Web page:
People need and want strong leaders for the most part. Sometimes strong leaders do well, but too often authority and power corrupts a person. Then, corruption breeds more corruption and oppression is unleashed upon those who desire and need strong leadership.
The problem is that no human leader can be supremely benign and powerful in a way that is fair and beneficial to all. Even very good leaders, well-respected and loved leaders, die because they are human. This creates a leadership vacuum in their absence.
Humanity isn't able to fix all their woes and weaknesses. We may continue to find ways to make life better but all these efforts have an end point or never accomplish their intended purpose. This is why the Lord Jesus needed to be sent. Not as a king or government leader, but as a Savior.
He led by example and connected with people at a very personal level, especially the poor and needy. His strength was not limited and fleeting, but enduring. Even in what many saw as weakness—His death on the cross—He proved to have an indestructible life. He is the only reliable mediator and bridge between all humanity and God.
So if the priesthood of Levi, on which the law was based, could have achieved the perfection God intended, why did God need to establish a different priesthood, with a priest in the order of Melchizedek instead of the order of Levi and Aaron? [vs 11]
And if the priesthood is changed, the law must also be changed to permit it. For the priest we are talking about belongs to a different tribe, whose members have never served at the altar as priests. What I mean is, our Lord came from the tribe of Judah, and Moses never mentioned priests coming from that tribe. This change has been made very clear since a different priest, who is like Melchizedek, has appeared. [vss 12-15]
Jesus became a priest, not by meeting the physical requirement of belonging to the tribe of Levi, but by the power of a life that cannot be destroyed. And the psalmist pointed this out when he prophesied, “You are a priest forever in the order of Melchizedek.” (Ps 110:4) [vss 16-17]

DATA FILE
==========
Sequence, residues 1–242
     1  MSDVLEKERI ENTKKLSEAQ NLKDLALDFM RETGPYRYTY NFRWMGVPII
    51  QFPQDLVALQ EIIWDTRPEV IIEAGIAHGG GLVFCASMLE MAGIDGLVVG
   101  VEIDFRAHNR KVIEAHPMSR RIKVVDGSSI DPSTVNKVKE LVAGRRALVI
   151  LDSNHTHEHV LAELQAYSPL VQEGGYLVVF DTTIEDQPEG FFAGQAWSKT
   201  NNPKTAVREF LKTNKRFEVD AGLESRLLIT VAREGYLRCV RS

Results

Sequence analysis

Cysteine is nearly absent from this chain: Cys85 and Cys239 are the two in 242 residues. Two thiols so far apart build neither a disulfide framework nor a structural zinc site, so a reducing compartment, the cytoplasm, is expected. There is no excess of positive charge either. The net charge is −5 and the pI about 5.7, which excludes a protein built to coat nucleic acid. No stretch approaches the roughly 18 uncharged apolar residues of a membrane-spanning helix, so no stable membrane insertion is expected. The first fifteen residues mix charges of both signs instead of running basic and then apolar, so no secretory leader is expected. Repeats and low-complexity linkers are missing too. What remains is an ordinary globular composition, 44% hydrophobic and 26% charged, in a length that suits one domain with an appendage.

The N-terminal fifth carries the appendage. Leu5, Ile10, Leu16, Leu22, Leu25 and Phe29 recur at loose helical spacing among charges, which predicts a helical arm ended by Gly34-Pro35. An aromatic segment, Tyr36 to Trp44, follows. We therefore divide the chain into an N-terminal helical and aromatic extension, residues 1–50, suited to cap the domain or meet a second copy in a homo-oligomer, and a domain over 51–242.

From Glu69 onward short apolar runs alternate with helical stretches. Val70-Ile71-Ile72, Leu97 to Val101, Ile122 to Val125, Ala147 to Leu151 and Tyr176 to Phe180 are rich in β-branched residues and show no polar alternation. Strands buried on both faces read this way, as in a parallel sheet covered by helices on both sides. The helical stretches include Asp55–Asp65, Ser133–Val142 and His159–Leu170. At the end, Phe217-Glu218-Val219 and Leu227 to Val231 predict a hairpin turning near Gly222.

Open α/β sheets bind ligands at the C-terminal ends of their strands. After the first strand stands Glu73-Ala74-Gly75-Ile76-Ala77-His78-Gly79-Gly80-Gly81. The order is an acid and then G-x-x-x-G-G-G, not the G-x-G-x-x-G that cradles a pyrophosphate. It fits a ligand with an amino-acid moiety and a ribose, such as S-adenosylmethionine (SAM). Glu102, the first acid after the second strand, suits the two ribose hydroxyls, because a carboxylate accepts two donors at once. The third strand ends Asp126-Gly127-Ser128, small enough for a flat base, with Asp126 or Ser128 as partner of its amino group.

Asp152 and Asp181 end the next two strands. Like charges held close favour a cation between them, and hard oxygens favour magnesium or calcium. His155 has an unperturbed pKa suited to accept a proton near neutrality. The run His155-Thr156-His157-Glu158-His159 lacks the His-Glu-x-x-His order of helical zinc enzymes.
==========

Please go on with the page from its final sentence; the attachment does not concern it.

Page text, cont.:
(Hebrews 7:11-17 NLT) [Context– Hebrews 7]
Jesus became a priest... by the power of a life that cannot be destroyed
Review the Scriptures above as you answer the following questions
What are the two different priesthoods spoken of here and how are they different?
Why was a new and different priesthood needed? What change did this also require?
What set Jesus apart to be a priest as Melchizedek was?
What do the Scriptures (Ps 110:4) say about Jesus as a priest?
The first priesthood God established under the Mosaic Law is called the Aaronic priesthood. Aaron was the brother of Moses and served as the first High Priest of the Mosaic (Old) Covenant. Being human he died and a new high priest was required for each succeeding generation.
To break the inescapable cycle of life and death, God established a New Covenant with a new priesthood based on His grace rather than people's obedience to the Law.
The role of a priest was to be a bridge and mediator between God and His people. Jesus became a mediator who was also a savior for all people. There is now and only will be one high priest under this New Covenant of grace—Jesus.
The priesthood of Jesus continues forever, unlike that of Aaron and his descendants. Jesus endures as a priest forever because He is the Son of God, both human and divine in nature. Because His resurrection from the dead proved He had an indestructible life, Jesus continues as a mediator and the way to God for all humanity.
Make it personal...
Read through the Scripture text again as you consider and answer these questions
Is your relationship with God dependent upon a human priest, pastor, or spiritual leader?
Do you understand how the eternal nature of Jesus as the Son of God makes Him an indestructible priest and mediator?
Have you learned to trust Jesus as the only bridge and mediator between us and God?
In what ways are you learning to trust in Jesus alone as your mediator and Savior?
Here's a free introduction for the book of Hebrews— Intro to studying Hebrews